19 January 2012 | Crew-Texas Why Knot-Wilmington NC
Bligh- almost perfect springlike day
January 17, 2012
Most folks think a vessels’ home port is that port painted on the transom. Technically, that is not necessarily correct. The one painted on the transom is the port of registry and it may or not be the home port and it may or may not even be near the water. The port where based, is the home port. For a cruising boat, where there is no base of operations, the home port coincides with the port of registration thus, in our case, Port Aransas, otherwise known as Port A. Since it has been several months since the crew of Why Knot has been in salt air, we looked forward to our trip this last weekend to visit our home port and our friends there. Port A is vastly different than any other port we have visited thus far and even without the spectacular scenery of the Keys, the Islands of the Atlantic Coast; we know it will always be Home Port to Why Knot. Whether or not she ever clears the jetties again, that will be the case at least under our ownership.
The thing about Port A is that many of our friends who also call it their home port are underway elsewhere on the planet, some in the Gulf, some in the Atlantic, some in the Keys and some even well into the Caribbean Sea. We were fortunate this weekend to run across a few of the cruising crews actually in Port A. That is the ultimate reward of cruising. It is always a treat and one of the reasons cruising is a unique experience.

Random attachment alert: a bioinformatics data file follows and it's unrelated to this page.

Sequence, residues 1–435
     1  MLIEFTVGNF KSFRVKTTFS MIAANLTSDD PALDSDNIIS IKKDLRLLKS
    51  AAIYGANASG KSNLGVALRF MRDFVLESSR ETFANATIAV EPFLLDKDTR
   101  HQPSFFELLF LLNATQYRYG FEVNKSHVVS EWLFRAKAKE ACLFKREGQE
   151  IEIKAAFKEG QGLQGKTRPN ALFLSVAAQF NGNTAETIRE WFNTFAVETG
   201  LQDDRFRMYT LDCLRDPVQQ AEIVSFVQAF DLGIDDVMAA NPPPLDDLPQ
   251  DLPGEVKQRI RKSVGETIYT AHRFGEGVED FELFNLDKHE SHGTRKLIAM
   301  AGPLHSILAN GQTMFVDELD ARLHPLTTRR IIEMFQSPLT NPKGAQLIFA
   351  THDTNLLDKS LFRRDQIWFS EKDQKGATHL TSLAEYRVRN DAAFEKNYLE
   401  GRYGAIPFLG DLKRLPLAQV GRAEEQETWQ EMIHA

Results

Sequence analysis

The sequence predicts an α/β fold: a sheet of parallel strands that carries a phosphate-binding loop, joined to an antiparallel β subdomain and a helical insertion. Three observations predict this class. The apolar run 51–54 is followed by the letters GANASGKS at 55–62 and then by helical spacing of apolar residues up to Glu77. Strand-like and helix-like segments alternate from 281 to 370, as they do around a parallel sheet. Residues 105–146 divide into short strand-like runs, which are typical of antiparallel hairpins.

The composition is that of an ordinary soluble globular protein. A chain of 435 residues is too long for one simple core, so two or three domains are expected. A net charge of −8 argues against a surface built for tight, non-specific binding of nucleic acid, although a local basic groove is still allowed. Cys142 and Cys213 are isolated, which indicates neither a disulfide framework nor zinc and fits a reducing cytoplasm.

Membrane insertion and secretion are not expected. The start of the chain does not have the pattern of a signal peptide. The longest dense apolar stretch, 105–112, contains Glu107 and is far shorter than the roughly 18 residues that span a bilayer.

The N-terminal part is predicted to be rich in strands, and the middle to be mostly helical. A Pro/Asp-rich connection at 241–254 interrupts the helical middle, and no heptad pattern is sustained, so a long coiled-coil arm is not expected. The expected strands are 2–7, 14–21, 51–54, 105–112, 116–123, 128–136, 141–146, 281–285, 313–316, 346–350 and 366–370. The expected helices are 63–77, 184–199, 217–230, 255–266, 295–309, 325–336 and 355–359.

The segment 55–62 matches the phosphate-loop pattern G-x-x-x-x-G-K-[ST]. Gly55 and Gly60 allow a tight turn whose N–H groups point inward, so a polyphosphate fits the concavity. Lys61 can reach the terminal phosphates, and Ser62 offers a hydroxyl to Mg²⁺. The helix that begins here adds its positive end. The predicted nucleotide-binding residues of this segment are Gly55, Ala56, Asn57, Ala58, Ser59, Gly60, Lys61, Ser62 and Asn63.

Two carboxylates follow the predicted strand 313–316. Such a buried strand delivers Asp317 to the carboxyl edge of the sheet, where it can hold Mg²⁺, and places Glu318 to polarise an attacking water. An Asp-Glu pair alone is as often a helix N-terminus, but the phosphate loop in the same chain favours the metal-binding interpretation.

The other reward on the visit was to simply stand on the beach and face windward into the Gulf. The imagination runs free to think about some things such as the time when, before we left our home port, we would gaze seaward and imagine what’s out there. We often sailed out the jetties into the Gulf for the day only to turn around and head back to port. Even with a perfect day of sailing offshore, it was always a bit of a disappointment to come about and head back in. Having now been out there some, and knowing Why Knot is still out there adds a unique perspective to the visions that onshore sea breeze provided this weekend. The weather was nice and cooperative in recharging the cruising batteries of the soul. It did not take long to visit a few of our favorite Port A places and rekindle the dreams of those days. Our “old slip” is occupied and most of those we knew a couple of years ago have gone but it is as though we never left. But we did. We left and our log books describe those adventures we only dreamed of just two years ago. There is a vast difference between most of those ports and our Home Port yet we will always judge all of them by Port A and the dreams it fostered. We once looked out the jetties and dreamed of other ports. We now know the rewards of taking her to sea is unmatched by almost anything else.
Bear is recovering and we have now started the go box. We have been in contact with other crews we’ve met along the way and most of them are heading South along the AICW. It is the migration which can make the AICW busy at times. We remember how strange it was on a few occasions when we passed a bridge and the tender would say something like “see you next year. “ I am sure they recognize those boats that make the trek every year. We have passed certain parts of the AICW three times now and perhaps some of those bridge tenders remember us.